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Perplexed and the Fiduciary Committee – PBM Edition

| 5 min read
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I read the Lewandowski v. Johnson & Johnson class action complaint and couldn’t help but wonder – are plans and participants doomed, or can employers take proactive steps to satisfy their fiduciary duties and potentially reduce prescription drug costs under their plans?  Although there is no one-size-fits-all approach, a plan fiduciary should understand what their pharmacy benefit manager (“PBM”) contract entails and confirm that the fees the plan is paying for prescription drugs and PBM services are reasonable.    If the plan fiduciary determines that this is not the case, it should consider whether the plan can negotiate better contract terms and if not, consider issuing a request for proposal (“RFP”) for PBM services.  In any event, the plan fiduciary should document its review of the PBM agreement and its conclusions based on its review. 

The complaint outlined a multitude of factors, listed below, that a plan fiduciary may want to use when engaging in the process of selecting and monitoring a PBM.

  • Traditional v. Pass-Through PBMs: Confirm whether the PBM is a “traditional” PBM or a “pass-through” PBM and, if applicable, consider switching to a pass-through PBM model.  Traditional PBMs typically make their money through a combination of spread pricing, rebates, and owning their own pharmacies.  Pass-through PBMs typically make their money only through administrative fees, usually assessed on a per-member, per-month basis.  While pass-through PBMs still negotiate for rebates and discounts, they pass those amounts to their clients instead of keeping them.  Additionally, pass-through PBMs have no incentive to favor drugs with higher spreads.
  • Rx Drug Rebates: Work with your broker to understand the definition of rebates under the PBM contract.   A traditional PBM may call rebates by other names in the PBM agreement.  Negotiate the amount that the PBM will pass through to the plan (represented either as a percentage or a flat amount per prescription). 
  • PBM Owned Specialty Pharmacies: Find out whether the PBM owns specialty pharmacies and steers plan participants to those pharmacies and then examine whether the PBM’s specialty pharmacies are truly the most cost-effective option.  Also investigate whether the PBM pays its specialty pharmacies excessive amounts that exceed the pharmacy’s acquisition costs.  Some PBMs may do this to hide spread pricing.  In other words, the PBM charges the plan the same amount that it pays its specialty pharmacy but the specialty pharmacy is overcharging the PBM.    If the prices are not reasonable, negotiate plan terms that would allow or encourage plan participants to fill their prescriptions at other specialty pharmacies.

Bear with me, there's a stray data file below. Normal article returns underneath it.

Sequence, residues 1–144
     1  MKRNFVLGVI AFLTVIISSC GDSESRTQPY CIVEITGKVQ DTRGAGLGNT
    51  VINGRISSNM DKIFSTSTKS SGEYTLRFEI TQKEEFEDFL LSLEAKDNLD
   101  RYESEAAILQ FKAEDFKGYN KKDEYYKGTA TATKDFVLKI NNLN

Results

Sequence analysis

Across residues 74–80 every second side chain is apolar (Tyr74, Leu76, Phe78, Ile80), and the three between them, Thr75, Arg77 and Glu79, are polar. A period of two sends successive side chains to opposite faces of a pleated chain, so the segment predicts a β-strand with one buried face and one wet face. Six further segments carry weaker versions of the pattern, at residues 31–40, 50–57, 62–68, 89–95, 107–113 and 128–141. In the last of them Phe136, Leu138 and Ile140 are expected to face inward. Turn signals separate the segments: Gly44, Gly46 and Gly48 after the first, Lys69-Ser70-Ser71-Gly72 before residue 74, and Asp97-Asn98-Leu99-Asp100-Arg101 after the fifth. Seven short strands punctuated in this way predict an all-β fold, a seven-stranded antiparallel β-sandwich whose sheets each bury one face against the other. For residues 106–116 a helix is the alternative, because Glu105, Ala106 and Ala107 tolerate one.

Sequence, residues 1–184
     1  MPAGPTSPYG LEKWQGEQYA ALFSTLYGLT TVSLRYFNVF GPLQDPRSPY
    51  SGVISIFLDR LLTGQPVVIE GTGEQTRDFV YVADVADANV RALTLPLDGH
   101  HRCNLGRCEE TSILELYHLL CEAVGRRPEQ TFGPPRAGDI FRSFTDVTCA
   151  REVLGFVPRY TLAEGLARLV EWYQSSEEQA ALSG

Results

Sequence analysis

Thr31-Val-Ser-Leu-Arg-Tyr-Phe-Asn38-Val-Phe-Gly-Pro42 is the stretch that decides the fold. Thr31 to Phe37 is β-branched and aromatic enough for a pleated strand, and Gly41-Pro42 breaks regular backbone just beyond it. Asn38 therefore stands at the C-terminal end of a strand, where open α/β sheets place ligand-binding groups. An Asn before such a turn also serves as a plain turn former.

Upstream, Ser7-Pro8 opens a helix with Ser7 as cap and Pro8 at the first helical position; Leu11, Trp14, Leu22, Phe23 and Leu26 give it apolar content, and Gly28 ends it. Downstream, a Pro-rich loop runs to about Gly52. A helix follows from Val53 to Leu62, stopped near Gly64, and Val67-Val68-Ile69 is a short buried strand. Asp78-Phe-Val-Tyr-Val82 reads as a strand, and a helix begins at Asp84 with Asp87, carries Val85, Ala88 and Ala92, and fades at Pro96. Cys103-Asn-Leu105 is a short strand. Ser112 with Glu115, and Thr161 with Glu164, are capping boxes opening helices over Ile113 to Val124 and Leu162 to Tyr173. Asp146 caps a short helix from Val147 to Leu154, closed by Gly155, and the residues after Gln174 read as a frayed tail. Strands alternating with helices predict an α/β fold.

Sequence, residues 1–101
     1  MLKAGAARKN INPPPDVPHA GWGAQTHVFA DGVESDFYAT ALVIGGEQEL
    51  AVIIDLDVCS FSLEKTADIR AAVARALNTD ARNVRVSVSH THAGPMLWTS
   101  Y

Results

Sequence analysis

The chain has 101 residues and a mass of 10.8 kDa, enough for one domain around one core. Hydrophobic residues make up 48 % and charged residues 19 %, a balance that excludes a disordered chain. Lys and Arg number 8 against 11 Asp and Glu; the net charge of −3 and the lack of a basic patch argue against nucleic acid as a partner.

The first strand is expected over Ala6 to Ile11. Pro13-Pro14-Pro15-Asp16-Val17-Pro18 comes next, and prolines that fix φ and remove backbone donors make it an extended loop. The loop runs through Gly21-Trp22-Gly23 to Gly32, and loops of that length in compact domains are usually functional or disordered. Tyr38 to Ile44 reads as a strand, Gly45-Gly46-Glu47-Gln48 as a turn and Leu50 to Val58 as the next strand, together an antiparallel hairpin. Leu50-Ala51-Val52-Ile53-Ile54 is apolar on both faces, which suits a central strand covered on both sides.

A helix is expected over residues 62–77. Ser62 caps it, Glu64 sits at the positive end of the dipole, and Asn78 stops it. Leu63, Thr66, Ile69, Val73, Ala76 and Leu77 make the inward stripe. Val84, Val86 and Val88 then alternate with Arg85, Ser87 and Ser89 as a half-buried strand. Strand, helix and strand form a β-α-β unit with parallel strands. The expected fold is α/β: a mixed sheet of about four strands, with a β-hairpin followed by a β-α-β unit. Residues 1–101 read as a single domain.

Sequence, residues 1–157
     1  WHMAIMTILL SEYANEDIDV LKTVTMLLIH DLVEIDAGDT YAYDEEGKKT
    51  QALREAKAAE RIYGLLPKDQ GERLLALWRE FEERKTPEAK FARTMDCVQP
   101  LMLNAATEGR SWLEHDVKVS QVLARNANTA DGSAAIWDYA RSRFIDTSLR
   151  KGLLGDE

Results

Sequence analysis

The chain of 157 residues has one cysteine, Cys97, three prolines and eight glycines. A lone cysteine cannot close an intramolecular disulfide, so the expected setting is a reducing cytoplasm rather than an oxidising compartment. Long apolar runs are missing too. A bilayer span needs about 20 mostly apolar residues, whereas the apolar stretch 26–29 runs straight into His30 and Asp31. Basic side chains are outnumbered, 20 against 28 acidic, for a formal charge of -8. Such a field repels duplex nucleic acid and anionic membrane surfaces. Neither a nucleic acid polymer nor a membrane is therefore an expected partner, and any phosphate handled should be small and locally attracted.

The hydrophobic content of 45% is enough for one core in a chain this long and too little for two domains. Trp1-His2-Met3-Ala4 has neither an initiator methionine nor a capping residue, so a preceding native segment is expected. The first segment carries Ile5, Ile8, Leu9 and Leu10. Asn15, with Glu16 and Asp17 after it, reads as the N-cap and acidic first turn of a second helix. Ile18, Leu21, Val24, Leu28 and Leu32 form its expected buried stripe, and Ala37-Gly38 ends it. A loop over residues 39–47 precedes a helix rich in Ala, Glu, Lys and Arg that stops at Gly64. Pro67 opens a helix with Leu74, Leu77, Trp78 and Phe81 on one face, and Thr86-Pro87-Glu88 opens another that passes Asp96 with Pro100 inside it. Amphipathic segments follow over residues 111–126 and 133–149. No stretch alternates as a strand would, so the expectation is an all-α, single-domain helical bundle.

• Mail-Order Pharmacies: Find out whether the PBM has a mail-order pharmacy and whether the PBM incentivizes participants to obtain their prescriptions through its mail-order pharmacy even if the mail-order pharmacy’s prices are routinely higher than prices at other pharmacies.  If such prices are not reasonable, negotiate plan terms that would allow or encourage plan participants to fill their prescriptions at other pharmacies.
  • Specialty PBM Carve-Out Model: Ensure the PBM agreement does not include an exclusivity provision so that the employer has the right to consider a specialty PBM carve-out model.  Some employers have a traditional PBM manage most of their prescription-drug needs, and a specialty PBM manage their specialty drugs.  Specialty PBMs typically use a pass-through model and can incorporate all aspects of specialty drug management, including claims processing, specialty formulary, and specialty pharmacy network management.  They also may offer savings to the plan. 
  • Drug Prices: Understand how the plan and PBM set prices for groups of drugs.  If relying on a benchmark rather than negotiating a separate price for each drug, identify the benchmark (e.g., the Average Wholesale Price (“AWP”)) and ensure that bundled pricing (e.g., AWP minus 85% for generic drugs, AWP minus 20% for brand drugs, AWP minus 15% for specialty drugs) is reasonable. 
  • Broker and Consultant Conflicts of Interest: If the employer hires a consultant or broker to help solicit bids and select and negotiate with a PBM, understand potential conflicts of interest.  For example, obtain the requisite ERISA Section 408(b)(2) disclosure to determine whether the consultant/broker receives direct or indirect fees from certain PBMs or by including certain provisions in the PBM contract.
  • RFP Processes: Regularly (e.g., every three years) conduct an open RFP process to obtain competitive bids for PBM services.  Confirm that the PBM agreement reflects the best rates and terms available considering the plan’s size, bargaining power, and other characteristics.
  • Audit Rights: Ensure the PBM agreement includes audit rights so that the employer can confirm whether the PBM delivered the contracted pricing and implemented the employer’s plan designs correctly.

If a plan fiduciary reviews these factors when selecting and monitoring its PBM and documents its review, the plan fiduciary will put itself in a better position to defend breach of fiduciary duty claims that come up in this context.